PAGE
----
Independence Violations at PricewaterhouseCoopers
PricewaterhouseCoopers (PwC) was involved in a series of independence violations in the late 1990s and early 2000s that resulted in strengthening the independence rules for auditors We discuss these situations in two parts. Part I
On January 6, 2000, the SEC made public the report by independent consultant Jess Fardella, who was appointed by the commission in March 1999 to conduct a review of possible independence rule violations by PwC arising from ownership of client-issued securities. The report found significant violations of the firm’s, the profession’s, and the SEC’s auditor independence rules. Background
On January 14, 1999, the commission issued an Opinion and Order Pursuant to Rule 102(e) of the Commission’s Rules of Practice, In the Matter of PricewaterhouseCoopers LLP (Securities Exchange Act of 1934, Release No. 40945) (“Order”), which censured PwC for violating auditor independence rules and improper professional conduct. Pursuant to the settlement reached with the commission, PwC agreed to, among other things, complete an internal review by Fardella to identify instances in which the firm’s partners or professionals owned securities of public audit clients of PwC in contravention of applicable rules and regulations concerning independence. The independent consultant’s report discloses that a substantial number of PwC professionals, particularly partners, had violations of the independence rules, and that many had multiple violations. The review found excusable mistakes, but also attributed the violations to laxity and insensitivity to the importance of independence compliance. According to Fardella’s report, PwC acknowledged that the review disclosed widespread independence noncompliance that reflected serious structural and cultural problems in the firm. Results of the Independent Consultant’s Report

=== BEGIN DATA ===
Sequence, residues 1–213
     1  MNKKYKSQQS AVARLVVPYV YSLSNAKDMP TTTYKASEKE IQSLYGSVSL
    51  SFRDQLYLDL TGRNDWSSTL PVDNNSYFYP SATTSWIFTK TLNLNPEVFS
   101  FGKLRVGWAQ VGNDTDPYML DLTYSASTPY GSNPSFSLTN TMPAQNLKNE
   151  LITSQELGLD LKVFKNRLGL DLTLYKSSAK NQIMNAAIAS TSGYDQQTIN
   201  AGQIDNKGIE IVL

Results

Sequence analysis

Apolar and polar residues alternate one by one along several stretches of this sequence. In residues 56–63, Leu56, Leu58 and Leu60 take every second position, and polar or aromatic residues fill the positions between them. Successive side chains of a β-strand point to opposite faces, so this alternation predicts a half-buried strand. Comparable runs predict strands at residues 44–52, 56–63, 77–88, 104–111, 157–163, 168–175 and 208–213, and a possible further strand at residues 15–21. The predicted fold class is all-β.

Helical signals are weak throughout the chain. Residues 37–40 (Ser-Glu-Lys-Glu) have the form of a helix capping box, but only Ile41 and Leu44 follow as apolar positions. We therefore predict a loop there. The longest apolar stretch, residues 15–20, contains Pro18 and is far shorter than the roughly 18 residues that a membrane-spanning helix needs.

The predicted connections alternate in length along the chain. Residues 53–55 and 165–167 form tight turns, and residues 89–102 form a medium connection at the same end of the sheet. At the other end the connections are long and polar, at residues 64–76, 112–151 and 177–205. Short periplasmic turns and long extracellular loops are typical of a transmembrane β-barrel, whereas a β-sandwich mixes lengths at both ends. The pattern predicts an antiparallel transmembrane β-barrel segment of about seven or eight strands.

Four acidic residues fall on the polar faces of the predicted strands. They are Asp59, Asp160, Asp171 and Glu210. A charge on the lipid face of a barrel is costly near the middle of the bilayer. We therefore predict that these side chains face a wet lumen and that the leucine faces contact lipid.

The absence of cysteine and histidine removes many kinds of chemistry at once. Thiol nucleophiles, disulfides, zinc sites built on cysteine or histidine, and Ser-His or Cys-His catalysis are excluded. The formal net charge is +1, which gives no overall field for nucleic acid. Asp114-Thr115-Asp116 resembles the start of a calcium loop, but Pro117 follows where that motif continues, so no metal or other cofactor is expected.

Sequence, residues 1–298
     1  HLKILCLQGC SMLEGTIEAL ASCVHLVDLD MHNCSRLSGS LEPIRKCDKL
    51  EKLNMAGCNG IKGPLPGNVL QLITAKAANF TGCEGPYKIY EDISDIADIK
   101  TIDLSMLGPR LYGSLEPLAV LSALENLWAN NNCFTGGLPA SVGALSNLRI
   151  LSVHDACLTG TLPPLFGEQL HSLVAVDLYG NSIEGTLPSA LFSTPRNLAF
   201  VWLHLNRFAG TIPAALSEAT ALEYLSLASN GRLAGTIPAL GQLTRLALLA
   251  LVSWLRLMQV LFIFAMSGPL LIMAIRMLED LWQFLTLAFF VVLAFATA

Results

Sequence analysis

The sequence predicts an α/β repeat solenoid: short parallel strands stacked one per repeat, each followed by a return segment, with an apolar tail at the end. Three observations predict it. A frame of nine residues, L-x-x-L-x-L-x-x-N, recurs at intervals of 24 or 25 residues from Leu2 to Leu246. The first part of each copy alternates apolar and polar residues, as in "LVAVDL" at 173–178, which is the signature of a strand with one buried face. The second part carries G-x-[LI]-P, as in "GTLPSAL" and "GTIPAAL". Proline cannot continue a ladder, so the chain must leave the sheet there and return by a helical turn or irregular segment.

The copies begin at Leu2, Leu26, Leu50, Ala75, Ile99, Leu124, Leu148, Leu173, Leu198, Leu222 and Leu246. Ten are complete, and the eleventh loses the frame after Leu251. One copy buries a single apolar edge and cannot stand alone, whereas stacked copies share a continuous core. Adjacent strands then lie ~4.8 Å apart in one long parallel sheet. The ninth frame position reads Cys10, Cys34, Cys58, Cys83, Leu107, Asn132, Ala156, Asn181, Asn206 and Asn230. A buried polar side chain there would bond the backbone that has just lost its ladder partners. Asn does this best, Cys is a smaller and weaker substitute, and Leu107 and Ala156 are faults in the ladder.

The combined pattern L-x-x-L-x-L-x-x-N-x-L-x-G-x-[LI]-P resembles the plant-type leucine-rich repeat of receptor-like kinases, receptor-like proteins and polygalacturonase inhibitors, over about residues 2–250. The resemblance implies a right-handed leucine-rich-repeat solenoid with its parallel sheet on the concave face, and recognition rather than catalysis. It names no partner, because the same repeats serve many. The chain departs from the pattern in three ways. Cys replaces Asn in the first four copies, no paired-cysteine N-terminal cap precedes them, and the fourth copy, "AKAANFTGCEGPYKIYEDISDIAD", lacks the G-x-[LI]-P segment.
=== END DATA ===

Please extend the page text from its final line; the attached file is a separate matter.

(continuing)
The report summarizes results of the internal review at PwC, which included two key parts: PwC professionals were requested in March 1999 to self-report independence violations; and the independent consultant randomly tested a sample of the responses for completeness and accuracy. The results are as follows:
Almost half of the PwC partners—1,301 out of a total of 2,698—self-reported at least one independence violation. The 1,301 partners who reported a violation reported an average of 5 violations; 153 partners had more than 10 violations each. Of 8,064 reported violations, 81.3 percent were reported by partners and 17.4 percent by managers; 45.2 percent of the violations were reported by partners who perform services related to audits of financial statements.
Almost half of the reported violations involved direct investments by the PwC professional in securities, mutual funds, bank accounts, or insurance products associated with a client. Almost 32 percent of reported violations, or 2,565 instances, involved holdings of a client’s stock or stock options.
A total of 6 out of 11 partners at the senior management level who oversaw PwC’s independence program self-reported violations. Each of the 12 regional partners who help administer PwC’s independence program reported at least 1 violation; one reported 38 violations and another reported 34 violations.
In addition, 31of the 43 partners who comprise PwC’s Board of Partners and its U.S. Leadership Committee self-reported at least 1 violation. Four of these had more than 20 violations; one of these partners had 41 violations and another had 40 violations. These random tests of the self-reporting process indicated that a far greater percentage of individuals had independence violations than were reported. Despite clear warnings that the SEC was overseeing the self-reporting process, the random tests of those reports indicated that 77.5 percent of PwC partners failed to self-report at least one independence violation. The combined results of the self-reporting and random tests of...
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